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  1. #1
    Jubalayo Unogwaja! Bokkie's Avatar
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    Don't laugh...this is a serious transportation question?

    I'll confess first. The car we own is a Fiat Punto.

    To the US folk, that translates into a sub-sub-compact I think?

    We're taking the bikes on leave with us. I have a rear rack that fits to the back, but the bikes stick out to one side more than I'd like to think is safe - for the bikes that is. I measured the inside of the car. With the rear passenger seats down, if I take the wheels off both bikes, we'll get the bikes inside the car quite comfortably.

    Only thing I'm a bit concerned about is what might happen to the rear mech? Are there any precautions you think I need to take to protect them?
    If your bollocks ain't sore, yer ain't on yer boike!

  2. #2
    Mr. Cellophane RainmanP's Avatar
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    Bokkie,
    I carry my bike in the back of my mini-van, admittedly a more spacious environment, and sometimes stuck between front and back seats with one wheel removed. I figure as long as I can position it so that the rear der doesn't get banged or leaned ont, it should be ok. If the space just won't allow allow some "breathing room", see if you can get a piece of foam a couple of inches thick to at least cushion any little bumps. I think they will be ok this way. How about turning them upside down if you can do that without putting pressure on the levers? Or one upside down, one right side up? Or somehow standing up, resting on the rear dropouts? Explore different positions. Not THOSE positions, cheeky devil!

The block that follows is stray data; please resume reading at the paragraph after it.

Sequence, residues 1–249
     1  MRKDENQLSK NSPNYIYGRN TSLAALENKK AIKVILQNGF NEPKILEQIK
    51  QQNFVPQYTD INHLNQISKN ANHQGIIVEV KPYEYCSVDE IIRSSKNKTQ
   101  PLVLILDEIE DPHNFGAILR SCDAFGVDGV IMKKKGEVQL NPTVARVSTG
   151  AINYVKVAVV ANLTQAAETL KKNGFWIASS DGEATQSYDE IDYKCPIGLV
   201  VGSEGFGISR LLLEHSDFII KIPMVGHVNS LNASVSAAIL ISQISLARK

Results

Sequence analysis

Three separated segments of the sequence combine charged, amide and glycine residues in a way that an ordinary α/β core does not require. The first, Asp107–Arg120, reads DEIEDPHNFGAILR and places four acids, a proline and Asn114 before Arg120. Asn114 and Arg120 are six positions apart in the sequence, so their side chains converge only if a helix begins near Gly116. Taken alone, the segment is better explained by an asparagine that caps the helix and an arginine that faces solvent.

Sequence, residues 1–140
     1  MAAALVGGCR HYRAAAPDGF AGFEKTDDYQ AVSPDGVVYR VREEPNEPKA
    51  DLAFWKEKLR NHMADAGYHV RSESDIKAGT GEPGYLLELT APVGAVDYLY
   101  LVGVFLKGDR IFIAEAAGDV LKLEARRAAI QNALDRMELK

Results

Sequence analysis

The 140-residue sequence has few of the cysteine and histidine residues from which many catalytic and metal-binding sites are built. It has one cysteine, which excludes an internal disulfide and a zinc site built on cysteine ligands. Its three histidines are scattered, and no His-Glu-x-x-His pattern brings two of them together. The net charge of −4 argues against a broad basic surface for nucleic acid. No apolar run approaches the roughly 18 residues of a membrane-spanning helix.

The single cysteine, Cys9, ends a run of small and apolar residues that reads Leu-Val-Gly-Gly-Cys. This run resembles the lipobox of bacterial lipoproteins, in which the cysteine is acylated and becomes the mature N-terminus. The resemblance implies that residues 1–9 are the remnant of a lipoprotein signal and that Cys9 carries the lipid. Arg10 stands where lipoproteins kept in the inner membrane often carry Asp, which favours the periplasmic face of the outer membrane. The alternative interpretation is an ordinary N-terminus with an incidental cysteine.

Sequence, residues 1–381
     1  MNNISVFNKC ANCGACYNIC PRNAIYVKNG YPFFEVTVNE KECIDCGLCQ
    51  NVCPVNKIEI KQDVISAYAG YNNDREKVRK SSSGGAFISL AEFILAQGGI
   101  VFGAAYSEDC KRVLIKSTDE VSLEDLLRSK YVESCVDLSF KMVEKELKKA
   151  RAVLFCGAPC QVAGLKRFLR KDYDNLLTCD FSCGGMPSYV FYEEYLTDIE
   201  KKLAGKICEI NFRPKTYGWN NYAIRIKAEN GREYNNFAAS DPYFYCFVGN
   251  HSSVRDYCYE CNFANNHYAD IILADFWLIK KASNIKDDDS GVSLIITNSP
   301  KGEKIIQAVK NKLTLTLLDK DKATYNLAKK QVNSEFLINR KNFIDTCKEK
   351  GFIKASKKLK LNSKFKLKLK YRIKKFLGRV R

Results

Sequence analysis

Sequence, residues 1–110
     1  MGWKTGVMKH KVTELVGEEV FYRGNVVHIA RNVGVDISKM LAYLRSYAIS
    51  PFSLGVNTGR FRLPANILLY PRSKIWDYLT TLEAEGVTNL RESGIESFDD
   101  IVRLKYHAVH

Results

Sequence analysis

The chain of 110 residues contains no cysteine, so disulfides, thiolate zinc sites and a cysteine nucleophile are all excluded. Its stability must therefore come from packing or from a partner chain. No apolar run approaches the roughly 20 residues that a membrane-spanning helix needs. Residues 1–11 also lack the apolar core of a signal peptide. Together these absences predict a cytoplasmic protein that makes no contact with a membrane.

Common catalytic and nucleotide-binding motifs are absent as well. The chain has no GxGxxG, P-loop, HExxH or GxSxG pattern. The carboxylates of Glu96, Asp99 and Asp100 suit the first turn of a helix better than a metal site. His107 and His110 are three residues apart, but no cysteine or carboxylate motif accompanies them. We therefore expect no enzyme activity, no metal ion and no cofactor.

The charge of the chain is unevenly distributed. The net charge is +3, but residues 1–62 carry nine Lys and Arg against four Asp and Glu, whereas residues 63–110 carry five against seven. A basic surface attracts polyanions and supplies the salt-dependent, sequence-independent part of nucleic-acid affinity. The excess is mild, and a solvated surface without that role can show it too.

If you can't get things situated to your satisfaction AND you are comfortable readjusting the ders if necessary, just pull them off and reinstall them when you get there. It only takes a few minutes and a 5 mm allen wrench and may be the ultimate protection. Take a couple of extra cables and your cable cutters. in case one gets buggered with frayed ends. Spare cable's not a bad idea anyway.
    Regards,
    Raymond
    Last edited by RainmanP; 09-11-02 at 07:26 AM.
    If it ain't broke, mess with it anyway!

  3. #3
    Jubalayo Unogwaja! Bokkie's Avatar
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    If you can't get things situated to your satisfaction AND you are comfortable readjusting the ders if necessary, just pull them off and reinstall them when you get there. It only takes a few minutes and a 5 mm allen wrench and may be the ultimate protection. Take a couple of extra cables and your cable cutters. in case one gets buggered with frayed ends. Spare cable's not a bad idea anyway.
    Gulp! This is getting a bit complex. I'll try the padding angle. Upside down sounds more feasible, but does that pose a problem for the forks though?
    If your bollocks ain't sore, yer ain't on yer boike!

  4. #4